In March of 1775, Patrick Henry, a delegate of the Second Virginia Convention, addressed the Convention with a speech that stirred the minds and hearts of all who heard it. The final words: “Give me liberty or give me death” are part of the fabric of America and the courageous hallmark of a valiant patriot.

Henry spoke as the inevitability of war with England loomed as an ever more dreary and unfortunate menace.  Henry, like others of his time, was filled with a love of freedom and an understanding of personal liberty that could be achieved in a “United States” truly independent from the tyranny of the King of England.

“For my own part,” Henry said, “I consider it as nothing less than a question of freedom or slavery; and in proportion to the magnitude of the subject ought to be the freedom of the debate. It is only in this way that we can hope to arrive at truth, and fulfil the great responsibility which we hold to God and our country. Should I keep back my opinions at such a time, through fear of giving offence, I should consider myself as guilty of treason towards my country, and of an act of disloyalty toward the majesty of heaven, which I revere above all earthly kings.”

The question of “freedom or slavery” we face today is every bit as consequential as is was for Patrick Henry. Our country, founded on the self-evident truths of our creation as free human beings, now faces a new subjugation by the repudiation and foreswearing of the basis of human liberty enshrined in our founding documents.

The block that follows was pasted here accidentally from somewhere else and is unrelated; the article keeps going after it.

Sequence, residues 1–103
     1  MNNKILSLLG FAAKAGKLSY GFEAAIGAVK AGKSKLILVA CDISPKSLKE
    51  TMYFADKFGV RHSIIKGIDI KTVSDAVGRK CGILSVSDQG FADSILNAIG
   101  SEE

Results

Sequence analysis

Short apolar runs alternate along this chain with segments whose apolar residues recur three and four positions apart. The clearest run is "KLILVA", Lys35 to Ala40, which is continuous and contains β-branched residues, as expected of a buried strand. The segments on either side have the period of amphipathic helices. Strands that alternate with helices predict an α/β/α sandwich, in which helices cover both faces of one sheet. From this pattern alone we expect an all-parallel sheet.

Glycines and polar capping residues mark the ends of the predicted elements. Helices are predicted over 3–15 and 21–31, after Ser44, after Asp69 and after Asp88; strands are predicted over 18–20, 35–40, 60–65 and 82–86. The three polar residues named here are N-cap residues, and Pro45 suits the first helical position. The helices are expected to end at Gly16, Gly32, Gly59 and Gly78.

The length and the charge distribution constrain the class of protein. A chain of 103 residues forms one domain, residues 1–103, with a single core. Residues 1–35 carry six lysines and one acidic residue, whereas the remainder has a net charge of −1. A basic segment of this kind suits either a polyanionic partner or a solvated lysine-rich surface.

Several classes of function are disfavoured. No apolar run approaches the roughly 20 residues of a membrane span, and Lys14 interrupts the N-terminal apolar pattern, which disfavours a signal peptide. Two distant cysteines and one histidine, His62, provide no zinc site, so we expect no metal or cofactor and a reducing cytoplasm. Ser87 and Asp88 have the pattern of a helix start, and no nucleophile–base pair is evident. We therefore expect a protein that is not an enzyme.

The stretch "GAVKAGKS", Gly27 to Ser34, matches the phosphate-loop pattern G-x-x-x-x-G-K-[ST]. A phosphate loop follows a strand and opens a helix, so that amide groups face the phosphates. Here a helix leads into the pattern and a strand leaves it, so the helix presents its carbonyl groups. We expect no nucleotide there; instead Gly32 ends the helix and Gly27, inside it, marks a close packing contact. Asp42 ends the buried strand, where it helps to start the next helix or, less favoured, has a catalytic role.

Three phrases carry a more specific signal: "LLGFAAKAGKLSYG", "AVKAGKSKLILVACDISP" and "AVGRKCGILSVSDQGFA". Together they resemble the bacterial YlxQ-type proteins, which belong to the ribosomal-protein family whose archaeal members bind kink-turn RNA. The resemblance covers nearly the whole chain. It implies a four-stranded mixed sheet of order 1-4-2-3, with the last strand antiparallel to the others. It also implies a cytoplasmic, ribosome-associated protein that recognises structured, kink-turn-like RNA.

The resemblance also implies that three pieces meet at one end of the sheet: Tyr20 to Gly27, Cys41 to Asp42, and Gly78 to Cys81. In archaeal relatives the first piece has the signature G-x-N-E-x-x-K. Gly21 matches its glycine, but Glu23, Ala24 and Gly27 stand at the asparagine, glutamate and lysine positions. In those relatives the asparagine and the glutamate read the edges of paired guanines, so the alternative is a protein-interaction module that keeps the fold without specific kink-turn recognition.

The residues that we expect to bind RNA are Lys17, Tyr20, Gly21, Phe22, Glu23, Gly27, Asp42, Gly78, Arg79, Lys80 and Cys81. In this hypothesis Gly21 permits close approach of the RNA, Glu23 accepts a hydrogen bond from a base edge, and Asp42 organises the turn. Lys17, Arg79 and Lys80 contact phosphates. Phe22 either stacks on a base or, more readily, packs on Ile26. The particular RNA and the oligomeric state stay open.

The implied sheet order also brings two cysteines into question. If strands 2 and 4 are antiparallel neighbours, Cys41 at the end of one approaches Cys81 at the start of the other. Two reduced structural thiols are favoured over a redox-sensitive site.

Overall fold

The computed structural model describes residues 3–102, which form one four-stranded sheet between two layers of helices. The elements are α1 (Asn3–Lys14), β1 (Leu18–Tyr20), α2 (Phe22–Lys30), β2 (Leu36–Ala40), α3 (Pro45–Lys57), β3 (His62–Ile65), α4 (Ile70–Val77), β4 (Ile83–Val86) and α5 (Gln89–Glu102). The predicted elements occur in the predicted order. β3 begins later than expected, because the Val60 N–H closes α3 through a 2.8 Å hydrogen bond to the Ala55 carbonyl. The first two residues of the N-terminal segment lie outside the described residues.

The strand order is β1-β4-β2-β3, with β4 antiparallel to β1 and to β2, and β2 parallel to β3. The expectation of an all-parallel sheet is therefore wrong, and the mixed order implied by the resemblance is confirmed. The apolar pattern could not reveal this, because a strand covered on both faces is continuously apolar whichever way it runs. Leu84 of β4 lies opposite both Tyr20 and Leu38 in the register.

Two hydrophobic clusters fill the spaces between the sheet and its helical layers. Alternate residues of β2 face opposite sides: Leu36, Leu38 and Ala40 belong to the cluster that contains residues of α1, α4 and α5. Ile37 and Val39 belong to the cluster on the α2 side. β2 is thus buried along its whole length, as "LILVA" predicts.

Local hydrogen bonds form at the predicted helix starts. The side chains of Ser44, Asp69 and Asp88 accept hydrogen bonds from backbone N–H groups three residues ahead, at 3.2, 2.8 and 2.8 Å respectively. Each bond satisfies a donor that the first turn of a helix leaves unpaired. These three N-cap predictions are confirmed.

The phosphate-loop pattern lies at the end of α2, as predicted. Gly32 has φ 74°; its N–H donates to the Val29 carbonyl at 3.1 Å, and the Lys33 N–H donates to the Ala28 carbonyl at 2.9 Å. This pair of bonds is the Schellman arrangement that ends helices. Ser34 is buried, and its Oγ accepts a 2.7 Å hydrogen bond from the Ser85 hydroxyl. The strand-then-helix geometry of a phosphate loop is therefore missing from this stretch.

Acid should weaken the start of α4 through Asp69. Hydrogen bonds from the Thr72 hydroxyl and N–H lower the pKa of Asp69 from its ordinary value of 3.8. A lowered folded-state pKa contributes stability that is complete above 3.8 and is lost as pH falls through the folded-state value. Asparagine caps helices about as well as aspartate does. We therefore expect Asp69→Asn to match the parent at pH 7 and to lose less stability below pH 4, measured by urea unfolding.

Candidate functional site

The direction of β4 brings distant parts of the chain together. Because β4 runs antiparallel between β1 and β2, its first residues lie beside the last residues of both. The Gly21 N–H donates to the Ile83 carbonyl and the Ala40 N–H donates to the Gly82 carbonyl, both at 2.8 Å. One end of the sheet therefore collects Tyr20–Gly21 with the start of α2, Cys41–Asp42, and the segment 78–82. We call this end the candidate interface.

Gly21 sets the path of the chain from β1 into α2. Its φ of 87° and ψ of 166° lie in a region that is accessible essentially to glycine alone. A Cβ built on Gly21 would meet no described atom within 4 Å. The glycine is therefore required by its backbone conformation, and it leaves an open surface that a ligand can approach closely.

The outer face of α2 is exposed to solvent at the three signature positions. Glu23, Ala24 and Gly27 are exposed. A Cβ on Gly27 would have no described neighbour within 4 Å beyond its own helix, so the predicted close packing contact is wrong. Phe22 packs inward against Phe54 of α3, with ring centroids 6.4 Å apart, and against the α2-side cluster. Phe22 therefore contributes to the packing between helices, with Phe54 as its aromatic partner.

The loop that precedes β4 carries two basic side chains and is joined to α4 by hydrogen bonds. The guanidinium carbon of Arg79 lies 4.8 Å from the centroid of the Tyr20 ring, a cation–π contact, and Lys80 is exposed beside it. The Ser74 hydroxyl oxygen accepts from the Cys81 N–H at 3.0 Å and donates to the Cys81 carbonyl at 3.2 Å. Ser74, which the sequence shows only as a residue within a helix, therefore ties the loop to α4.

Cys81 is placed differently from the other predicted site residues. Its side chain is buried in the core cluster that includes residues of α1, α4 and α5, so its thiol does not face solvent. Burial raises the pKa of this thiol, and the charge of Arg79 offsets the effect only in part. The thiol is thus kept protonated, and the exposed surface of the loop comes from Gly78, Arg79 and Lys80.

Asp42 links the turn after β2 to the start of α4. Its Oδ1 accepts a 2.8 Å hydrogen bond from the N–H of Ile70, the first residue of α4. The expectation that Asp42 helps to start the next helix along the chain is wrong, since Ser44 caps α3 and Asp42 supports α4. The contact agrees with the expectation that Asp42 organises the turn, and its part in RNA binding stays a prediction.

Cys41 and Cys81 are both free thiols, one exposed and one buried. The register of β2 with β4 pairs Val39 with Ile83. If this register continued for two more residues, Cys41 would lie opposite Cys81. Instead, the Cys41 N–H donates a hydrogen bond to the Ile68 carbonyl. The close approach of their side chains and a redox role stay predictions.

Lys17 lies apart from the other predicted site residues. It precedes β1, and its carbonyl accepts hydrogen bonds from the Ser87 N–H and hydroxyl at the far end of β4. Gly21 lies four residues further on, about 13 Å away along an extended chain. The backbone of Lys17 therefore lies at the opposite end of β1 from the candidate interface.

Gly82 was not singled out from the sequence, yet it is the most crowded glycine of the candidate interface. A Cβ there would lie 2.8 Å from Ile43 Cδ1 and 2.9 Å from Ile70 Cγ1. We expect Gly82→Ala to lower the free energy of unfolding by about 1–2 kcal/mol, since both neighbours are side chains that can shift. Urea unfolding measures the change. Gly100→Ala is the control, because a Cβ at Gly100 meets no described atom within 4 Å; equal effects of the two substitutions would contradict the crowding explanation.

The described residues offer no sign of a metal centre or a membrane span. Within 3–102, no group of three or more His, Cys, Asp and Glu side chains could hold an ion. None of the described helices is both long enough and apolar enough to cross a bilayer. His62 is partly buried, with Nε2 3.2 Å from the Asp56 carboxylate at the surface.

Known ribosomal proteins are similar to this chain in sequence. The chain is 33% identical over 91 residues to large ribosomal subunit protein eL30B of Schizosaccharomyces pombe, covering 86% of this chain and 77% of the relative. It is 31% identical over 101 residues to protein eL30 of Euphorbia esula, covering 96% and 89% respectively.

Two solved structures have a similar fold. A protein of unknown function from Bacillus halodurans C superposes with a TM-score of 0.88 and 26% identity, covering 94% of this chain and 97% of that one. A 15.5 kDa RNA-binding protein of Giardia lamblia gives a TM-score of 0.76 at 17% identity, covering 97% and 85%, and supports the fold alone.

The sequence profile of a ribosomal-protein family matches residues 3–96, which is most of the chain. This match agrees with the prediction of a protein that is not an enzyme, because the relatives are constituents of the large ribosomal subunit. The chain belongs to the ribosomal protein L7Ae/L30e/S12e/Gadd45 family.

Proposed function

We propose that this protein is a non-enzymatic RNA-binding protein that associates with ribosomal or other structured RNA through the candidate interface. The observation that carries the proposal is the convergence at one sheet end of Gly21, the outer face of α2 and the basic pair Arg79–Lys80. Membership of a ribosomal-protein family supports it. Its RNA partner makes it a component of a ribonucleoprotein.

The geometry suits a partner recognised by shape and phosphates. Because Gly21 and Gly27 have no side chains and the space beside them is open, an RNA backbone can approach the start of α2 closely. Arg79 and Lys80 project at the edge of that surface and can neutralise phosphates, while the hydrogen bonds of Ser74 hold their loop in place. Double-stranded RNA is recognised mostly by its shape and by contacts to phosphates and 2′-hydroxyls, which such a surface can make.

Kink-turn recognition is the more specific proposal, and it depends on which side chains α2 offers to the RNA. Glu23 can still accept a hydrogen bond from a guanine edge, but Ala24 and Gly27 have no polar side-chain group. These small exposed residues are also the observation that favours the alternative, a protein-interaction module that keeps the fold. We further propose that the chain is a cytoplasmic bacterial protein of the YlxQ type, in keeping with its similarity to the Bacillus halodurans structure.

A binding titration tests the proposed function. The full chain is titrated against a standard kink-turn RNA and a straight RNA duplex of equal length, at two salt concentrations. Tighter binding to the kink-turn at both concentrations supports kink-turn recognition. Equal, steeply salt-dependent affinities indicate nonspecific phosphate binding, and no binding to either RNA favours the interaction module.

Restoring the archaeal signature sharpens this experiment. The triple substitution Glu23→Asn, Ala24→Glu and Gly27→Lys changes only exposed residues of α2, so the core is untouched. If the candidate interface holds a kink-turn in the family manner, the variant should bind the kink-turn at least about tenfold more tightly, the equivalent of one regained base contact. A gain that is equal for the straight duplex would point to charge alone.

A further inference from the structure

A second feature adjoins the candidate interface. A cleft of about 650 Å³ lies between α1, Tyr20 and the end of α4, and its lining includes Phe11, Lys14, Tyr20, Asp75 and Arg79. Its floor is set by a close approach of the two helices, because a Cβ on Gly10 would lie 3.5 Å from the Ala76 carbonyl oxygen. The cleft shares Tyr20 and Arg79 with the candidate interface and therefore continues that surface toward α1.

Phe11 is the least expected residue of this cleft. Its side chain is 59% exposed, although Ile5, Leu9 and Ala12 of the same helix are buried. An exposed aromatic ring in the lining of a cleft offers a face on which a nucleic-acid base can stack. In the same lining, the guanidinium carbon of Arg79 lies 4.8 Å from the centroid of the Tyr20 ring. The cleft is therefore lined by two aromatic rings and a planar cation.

The bishops of the United States, driven by a sense of divine justice and patriotism, have accepted the challenge thrust upon us by a government that seeks to abandon the reasonableness of law, limit legitimate freedoms, and deny constitutional liberty, by imposing restrictions such as the HHS mandate and other unbearable burdens thus limiting the free exercise of our religious freedoms.

At the end of last week, the Administration offered an extension to the deadline of 1 August 2013, when the HHS mandate was to become law for everyone. Indeed, there is still hope and there is cause for diligent prayer. The Fortnight for Freedom continues to produce saints and patriots (not just football players…) who are eager to stand for liberty and promote justice. Stay with us, folks. Keep on praying and supporting the cause for justice and freedom. Saints and patriots continue to walk among us desiring the liberty and protection of law and the guarantee of freedom of conscience. Liberty is always a cause worth fighting for. Happy Independence Day!

Celebrate freedom by attending Sunday Mass.

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